Almost every chemical intoxicant is associated with withdrawal symptoms to one degree or another. Some of those substances produce withdrawal symptoms that can potentially become so severe as to be life-threatening, but that’s not the case with morphine. Although opiate withdrawals are considered to be extremely unpleasant at times, it’s rare for opiate withdrawals to be so severe as to put a patient’s safety at risk.

Morphine withdrawal symptoms, like other opiate withdrawal symptoms, consist of a series of stages. The first stage occurs at approximately four hours after the last dose of morphine and will continue to about fourteen hours after the last dose; during this stage, the individual experiences cravings, perhaps some light sweating, and a general sense of dysphoria, or feelings of psychological unwellness. The next stage lasts until about the eighteenth hour after the last dose and entails heavy perspiration, yawning, headaches, runny nose, depression, more pronounced dysphoria, and the feeling of being in a trance or stupor.

At the twenty-four hour mark, the previous symptoms will become more severe. Additionally, the patient will be experiencing intermittent hot flashes and cold chills, dilated pupils, twitching muscles, and intestinal cramping. Upon reaching approximately thirty-six hours, the patient is likely to also be experiencing involuntary leg movements, diarrhea, high blood pressure, irregular heartbeat, and restlessness. Between thirty-six and seventy-two hours is considered the peak of morphine withdrawal, entailing the greatest severity of all aforementioned symptoms. After seventy-two hours, the symptoms begin to subside.

Morphine Detox Withdrawals

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Almost every chemical intoxicant is associated with withdrawal symptoms to one degree or another. Some of those substances produce withdrawal symptoms that can potentially become so severe as to be life-threatening, but that’s not the case with morphine. Although opiate withdrawals are considered to be extremely unpleasant at times, it’s rare for opiate withdrawals to be so severe as to put a patient’s safety at risk.

Morphine withdrawal symptoms, like other opiate withdrawal symptoms, consist of a series of stages. The first stage occurs at approximately four hours after the last dose of morphine and will continue to about fourteen hours after the last dose; during this stage, the individual experiences cravings, perhaps some light sweating, and a general sense of dysphoria, or feelings of psychological unwellness. The next stage lasts until about the eighteenth hour after the last dose and entails heavy perspiration, yawning, headaches, runny nose, depression, more pronounced dysphoria, and the feeling of being in a trance or stupor.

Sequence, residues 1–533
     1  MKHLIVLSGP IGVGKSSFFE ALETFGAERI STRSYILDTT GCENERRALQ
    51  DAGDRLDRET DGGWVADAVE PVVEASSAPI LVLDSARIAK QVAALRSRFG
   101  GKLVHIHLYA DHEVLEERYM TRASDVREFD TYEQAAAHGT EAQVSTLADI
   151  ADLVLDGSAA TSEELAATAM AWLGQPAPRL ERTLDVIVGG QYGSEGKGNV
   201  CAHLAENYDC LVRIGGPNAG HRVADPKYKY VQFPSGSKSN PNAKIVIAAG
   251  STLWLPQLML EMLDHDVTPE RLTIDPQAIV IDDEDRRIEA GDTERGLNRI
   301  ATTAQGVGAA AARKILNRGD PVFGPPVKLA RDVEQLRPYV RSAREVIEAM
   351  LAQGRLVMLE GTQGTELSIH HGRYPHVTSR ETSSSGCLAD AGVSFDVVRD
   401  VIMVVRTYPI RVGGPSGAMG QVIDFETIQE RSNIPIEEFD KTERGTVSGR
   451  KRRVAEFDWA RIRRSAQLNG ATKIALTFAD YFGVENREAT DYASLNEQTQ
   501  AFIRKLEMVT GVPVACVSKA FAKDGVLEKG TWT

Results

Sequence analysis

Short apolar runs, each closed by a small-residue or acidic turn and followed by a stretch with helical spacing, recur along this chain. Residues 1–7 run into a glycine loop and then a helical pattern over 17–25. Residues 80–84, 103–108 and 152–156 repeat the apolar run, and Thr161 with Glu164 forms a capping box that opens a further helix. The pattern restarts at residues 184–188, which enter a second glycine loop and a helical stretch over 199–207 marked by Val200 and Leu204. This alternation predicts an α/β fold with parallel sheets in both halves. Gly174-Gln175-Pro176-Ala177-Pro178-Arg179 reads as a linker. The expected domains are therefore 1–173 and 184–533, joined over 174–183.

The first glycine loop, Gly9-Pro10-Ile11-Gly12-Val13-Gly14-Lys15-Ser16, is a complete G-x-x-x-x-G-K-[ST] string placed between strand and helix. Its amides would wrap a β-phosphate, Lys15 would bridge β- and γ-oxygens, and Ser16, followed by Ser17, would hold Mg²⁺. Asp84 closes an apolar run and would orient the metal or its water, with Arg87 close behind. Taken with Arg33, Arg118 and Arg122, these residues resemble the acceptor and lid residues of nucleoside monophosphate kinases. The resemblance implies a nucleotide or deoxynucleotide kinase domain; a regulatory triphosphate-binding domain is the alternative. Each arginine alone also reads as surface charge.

At the twenty-four hour mark, the previous symptoms will become more severe. Additionally, the patient will be experiencing intermittent hot flashes and cold chills, dilated pupils, twitching muscles, and intestinal cramping. Upon reaching approximately thirty-six hours, the patient is likely to also be experiencing involuntary leg movements, diarrhea, high blood pressure, irregular heartbeat, and restlessness. Between thirty-six and seventy-two hours is considered the peak of morphine withdrawal, entailing the greatest severity of all aforementioned symptoms. After seventy-two hours, the symptoms begin to subside.

List of Morphine Withdrawal Symptoms

  • Anxiety
  • Restlessness
  • Intestinal cramping
  • Dysphoria
  • Hot flashes
  • Cold chills
  • Irregular heartbeat
  • Increase in blood pressure
  • Insomnia
  • Depression
  • Aggravation
  • Strong cravings
  • Dilated pupils
  • Loss of appetite
  • Twitching muscles
  • Involuntary leg movement

Can you detox from Morphine at home?

There are forms of outpatient detoxification available, but addiction treatment professionals strong advise against pursuing those outpatient detox options for a number of reasons. For one thing, detoxing at a detox facility ensures that a person will receive a variety of treatments — both practical and medicinal — to alleviate the severity of his or her withdrawal if they were to become painful. This means that he or she won’t be tempted to relapse due to the unpleasantness of withdrawal and, in turn, makes him or her more likely to have a successful morphine detox. Additionally, detoxing under the professional medical supervision of a team of rehab staff affords a level of safety that a person wouldn’t have if he or she was attempting to detox alone at home.

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How long does it take to detox from Morphine

Everyone in need of treatment for morphine addiction has different needs, and the same thing goes for morphine detox. There are a number of factors that can influence the types of treatments a person will need and the length of time he or she will need them. Some of the most essential factors include the length of time the individual spent in active addiction, whether he or she was a poly-drug addict or only addicted or morphine, the severity of his or her habit, whether or not there have been previous treatment attempts, and so on. However, the typical amount of time a person will need to complete a morphine detox is between seven and ten days.

  • According to statistics, at least 10 percent of the U.S. adult population has abused an opiate drug like morphine at least once over the course of their lives.
  • Recently, the number of morphine addicts admitted to the emergency room increased by an astounding 106 percent over just a four-year period.
  • Studies have shown that out of all the individuals who abuse or are addicted to morphine, no less than 60 percent obtain the drug from family members or close friends.